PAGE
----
Tribune Co. may file for bankruptcy

by DENNIS K. BERMAN, SHIRA OVIDE and MATTHEW KARNITSCHNIG, Wall Street Journal

Tribune Co. is preparing for a possible filing for bankruptcy-court protection as soon as this week, according to people familiar with the matter, in a sign of worsening trouble for the newspaper industry.

In recent days, as Chicago-based Tribune continued talks with lenders to restructure its debt, the newspaper-and-television concern hired investment bank Lazard Ltd. as its financial adviser and law firm Sidley Austin to advise the company on a possible trip through Chapter 11 bankruptcy, people familiar with the matter say.

A Tribune spokesman said the company doesn't comment on rumors or speculation. Tribune owns eight major daily newspapers, including the Los Angeles Times, Chicago Tribune and Baltimore Sun, plus a string of local TV stations.

A spokeswoman for Lazard didn't respond to requests for comment. Representatives of Sidley Austin couldn't be reached for comment.

Tribune's latest actions underscore the deepening distress enveloping Tribune and other newspaper publishers. Their businesses are being battered by dwindling advertising sales, and many are carrying debt loads that are unmanageable in current market conditions. Industry insiders expect some papers will need to fold in coming months or seek protection from creditors to reorganize.

Tribune has been on wobbly footing since last December, when real-estate mogul Samuel Zell led a debt-backed deal to take the company private. Tribune has stayed ahead of its $12 billion in borrowings with the help of asset sales. Now, however, shrinking profits are tightening the noose.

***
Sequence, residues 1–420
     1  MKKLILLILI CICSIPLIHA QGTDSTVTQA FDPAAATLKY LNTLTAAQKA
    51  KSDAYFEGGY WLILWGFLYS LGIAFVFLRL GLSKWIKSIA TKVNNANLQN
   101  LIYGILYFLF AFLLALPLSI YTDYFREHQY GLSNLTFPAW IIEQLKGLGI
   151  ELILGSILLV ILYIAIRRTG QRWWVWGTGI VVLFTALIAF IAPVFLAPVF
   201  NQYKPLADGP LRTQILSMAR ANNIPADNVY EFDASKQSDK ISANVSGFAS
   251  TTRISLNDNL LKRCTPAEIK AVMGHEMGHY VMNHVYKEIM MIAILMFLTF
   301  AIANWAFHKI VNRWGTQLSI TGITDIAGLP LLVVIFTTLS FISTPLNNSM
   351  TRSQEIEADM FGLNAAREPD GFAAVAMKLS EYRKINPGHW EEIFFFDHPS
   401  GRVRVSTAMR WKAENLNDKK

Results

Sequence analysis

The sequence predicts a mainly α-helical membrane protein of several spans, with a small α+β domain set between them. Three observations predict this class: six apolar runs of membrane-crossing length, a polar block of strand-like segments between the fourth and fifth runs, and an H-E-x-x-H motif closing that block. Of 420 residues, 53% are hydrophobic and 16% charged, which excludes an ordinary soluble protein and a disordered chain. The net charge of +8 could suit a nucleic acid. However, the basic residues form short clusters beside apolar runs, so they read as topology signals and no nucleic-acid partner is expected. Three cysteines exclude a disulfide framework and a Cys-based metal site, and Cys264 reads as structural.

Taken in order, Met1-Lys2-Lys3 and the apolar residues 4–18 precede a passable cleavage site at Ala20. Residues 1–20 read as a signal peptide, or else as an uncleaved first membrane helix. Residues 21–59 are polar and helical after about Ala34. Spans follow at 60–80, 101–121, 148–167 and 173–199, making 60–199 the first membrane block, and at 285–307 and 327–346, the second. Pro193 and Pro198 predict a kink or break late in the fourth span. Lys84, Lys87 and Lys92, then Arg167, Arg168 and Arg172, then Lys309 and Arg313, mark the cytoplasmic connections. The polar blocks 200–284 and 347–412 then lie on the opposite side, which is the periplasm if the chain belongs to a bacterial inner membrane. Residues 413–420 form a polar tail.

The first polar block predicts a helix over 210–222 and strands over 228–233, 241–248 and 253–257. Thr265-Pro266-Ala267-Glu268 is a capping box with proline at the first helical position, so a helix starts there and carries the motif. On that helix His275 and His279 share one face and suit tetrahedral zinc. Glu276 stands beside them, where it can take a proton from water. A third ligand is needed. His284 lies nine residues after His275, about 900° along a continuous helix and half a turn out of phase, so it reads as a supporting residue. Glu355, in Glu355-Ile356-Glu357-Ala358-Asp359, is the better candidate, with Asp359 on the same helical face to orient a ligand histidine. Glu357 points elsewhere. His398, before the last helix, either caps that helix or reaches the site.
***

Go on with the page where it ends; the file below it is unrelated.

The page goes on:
The company's cash flow may not be enough to cover nearly $1 billion in interest payments due this year, and Tribune owes a $512 million debt payment in June.

One of Tribune's most pressing concerns: The company is likely to be in violation of debt terms that limit borrowings at the end of the year to nine times its adjusted profits. The ratio stood at 8.3 at the end of the second quarter, before Tribune reported an 83% decline in operating profit for the three months ended Sept 28.

Violations of such debt covenants have become commonplace for newspaper companies as their profits have ebbed. Lenders so far have been willing to give the companies a pass in exchange for higher interest rates and other concessions, but Tribune has little wiggle room. Terms of the company's debt already are so loose and its financial standing so unsteady that a covenant waiver may not help.

To be sure, a restructuring outside of bankruptcy court remains an option for Tribune. Executives have indicated that its talks with lenders are amicable, and it remains possible the two sides can agree to rework the company's borrowings on their own, as other newspaper publishers are doing.

Tribune's hiring of Lazard, meanwhile, brings it a firm experienced in debt restructuring, and one that has become a go-to adviser for newspaper companies in financial distress.

Even as its financial performance worsens, Tribune has some options. A sale of its Chicago Cubs baseball team is under way, and Tribune owns valuable stakes in businesses including the cable-TV channel Food Network.

Tribune already has auctioned off pieces of the company, including the Long Island, N.Y., daily Newsday to raise cash. Now, frozen credit markets have depressed sale prices.

Selling off more newspapers may not be a viable alternative because buyers are scarce and Tribune may be better off holding onto the profits from its papers.

article originally published at http://online.wsj.com/article/SB122868944355686385.html.

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